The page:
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Saturday, August 28, 2010

Ford's ascendancy, explained


For the last day or so, I've been thinking about Alex Himelfarb's wonderfully thoughtful essay on why people vote against their own interests. Again, nothing I can say to improve upon it.

And now, a perfect illustration: from the Star today, it seems that Rob Ford is “tapping into suburban fury.”

So what is this “fury,” and why, since the Star never explains, should anyone take it seriously?

Is it just the usual “I don't wanna pay taxes for those condescending downtown elitists / lazy overpaid unionized thugs / tax-and-spend socialists / artsy-fartsy communists, yargle bargle bleghhh, drool ... ” horseshit?

If that's it, then fuck that and the people thinking it. A toxic brew of inchoate rage, ignorance and resentment is not the same thing as committed citizenship. And it's time we stopped coddling it and pretending it's something that needs to be humoured or respected.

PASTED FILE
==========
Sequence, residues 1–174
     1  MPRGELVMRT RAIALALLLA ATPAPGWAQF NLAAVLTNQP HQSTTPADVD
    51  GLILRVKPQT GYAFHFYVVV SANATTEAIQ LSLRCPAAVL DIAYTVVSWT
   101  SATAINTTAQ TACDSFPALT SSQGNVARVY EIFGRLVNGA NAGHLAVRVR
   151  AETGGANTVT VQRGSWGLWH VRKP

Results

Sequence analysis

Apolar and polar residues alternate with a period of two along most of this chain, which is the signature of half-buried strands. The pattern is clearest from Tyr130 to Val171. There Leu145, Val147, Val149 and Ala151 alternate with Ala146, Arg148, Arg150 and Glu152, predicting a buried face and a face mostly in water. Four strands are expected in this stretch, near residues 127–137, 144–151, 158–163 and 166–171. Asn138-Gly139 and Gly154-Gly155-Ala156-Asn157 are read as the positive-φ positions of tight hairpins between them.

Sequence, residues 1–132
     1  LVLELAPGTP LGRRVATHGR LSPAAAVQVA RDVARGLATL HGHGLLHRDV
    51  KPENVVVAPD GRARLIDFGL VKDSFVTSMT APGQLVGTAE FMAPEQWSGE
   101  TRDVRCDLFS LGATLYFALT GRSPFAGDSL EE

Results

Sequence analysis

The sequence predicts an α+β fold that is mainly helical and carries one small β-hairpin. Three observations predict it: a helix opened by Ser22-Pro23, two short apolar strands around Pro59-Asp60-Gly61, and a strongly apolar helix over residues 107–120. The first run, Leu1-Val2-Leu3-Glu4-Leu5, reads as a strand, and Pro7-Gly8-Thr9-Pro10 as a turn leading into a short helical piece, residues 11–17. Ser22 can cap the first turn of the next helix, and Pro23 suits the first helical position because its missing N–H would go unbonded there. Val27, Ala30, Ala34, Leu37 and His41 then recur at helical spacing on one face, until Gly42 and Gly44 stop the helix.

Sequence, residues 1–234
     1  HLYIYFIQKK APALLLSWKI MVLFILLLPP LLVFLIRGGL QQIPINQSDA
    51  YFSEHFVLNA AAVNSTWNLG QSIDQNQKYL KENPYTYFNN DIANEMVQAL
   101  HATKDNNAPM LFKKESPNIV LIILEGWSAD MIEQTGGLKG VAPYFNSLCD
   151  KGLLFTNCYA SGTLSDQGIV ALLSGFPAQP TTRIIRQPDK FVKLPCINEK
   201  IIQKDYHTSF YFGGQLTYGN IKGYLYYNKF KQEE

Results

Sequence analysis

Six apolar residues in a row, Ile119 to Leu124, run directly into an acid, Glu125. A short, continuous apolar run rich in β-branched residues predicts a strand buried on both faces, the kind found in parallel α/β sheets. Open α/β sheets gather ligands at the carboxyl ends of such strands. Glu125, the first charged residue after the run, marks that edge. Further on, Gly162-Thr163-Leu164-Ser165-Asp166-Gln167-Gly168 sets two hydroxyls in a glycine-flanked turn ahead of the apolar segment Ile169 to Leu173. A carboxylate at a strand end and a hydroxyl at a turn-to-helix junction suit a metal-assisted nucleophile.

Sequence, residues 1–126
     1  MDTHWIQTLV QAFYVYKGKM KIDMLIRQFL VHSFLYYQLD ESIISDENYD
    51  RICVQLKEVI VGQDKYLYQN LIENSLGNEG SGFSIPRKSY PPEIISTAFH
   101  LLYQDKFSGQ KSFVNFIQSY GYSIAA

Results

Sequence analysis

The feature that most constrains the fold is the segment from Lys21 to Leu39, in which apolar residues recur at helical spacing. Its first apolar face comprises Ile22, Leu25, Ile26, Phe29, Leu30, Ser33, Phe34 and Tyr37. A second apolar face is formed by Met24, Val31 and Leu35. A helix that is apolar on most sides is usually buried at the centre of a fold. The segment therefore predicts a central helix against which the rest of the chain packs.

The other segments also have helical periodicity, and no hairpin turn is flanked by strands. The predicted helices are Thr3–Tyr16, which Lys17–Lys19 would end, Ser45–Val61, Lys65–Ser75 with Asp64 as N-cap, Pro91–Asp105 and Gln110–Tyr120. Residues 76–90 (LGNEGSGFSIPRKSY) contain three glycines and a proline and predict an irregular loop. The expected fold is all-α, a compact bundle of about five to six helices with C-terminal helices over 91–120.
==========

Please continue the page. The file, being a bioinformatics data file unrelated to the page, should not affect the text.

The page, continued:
Honestly, are people no longer capable of thinking except in clichés? Has anyone noticed how easily “mad as hell and not going to take it any more” morphs into “lazy, stupid, belligerent and unwilling to do anything that actually requires thoughtful engagement?”

That's why Ford's leading. That's what Stephen Harper taps into. That's why Sarah Palin is, well, Sarah Palin. And that's what's behind the outbreak of teabaggery to the south, along with a healthy dose of bigotry, racism, and well-orchestrated fear and scapegoating of The Other – all conveniently misdirected so that no one can see who really benefits from just how dysfunctional things have become.

It's a simple, easy-to-grasp narrative, unaffected by facts, devoid of context, and willingly propagated by the Fox Noise wannabes at Sun Media. An easily exploited, all-purpose current of spite, resentment and anti-social sentiment – in other words, the perfect basis upon which to build a healthy community. Not.

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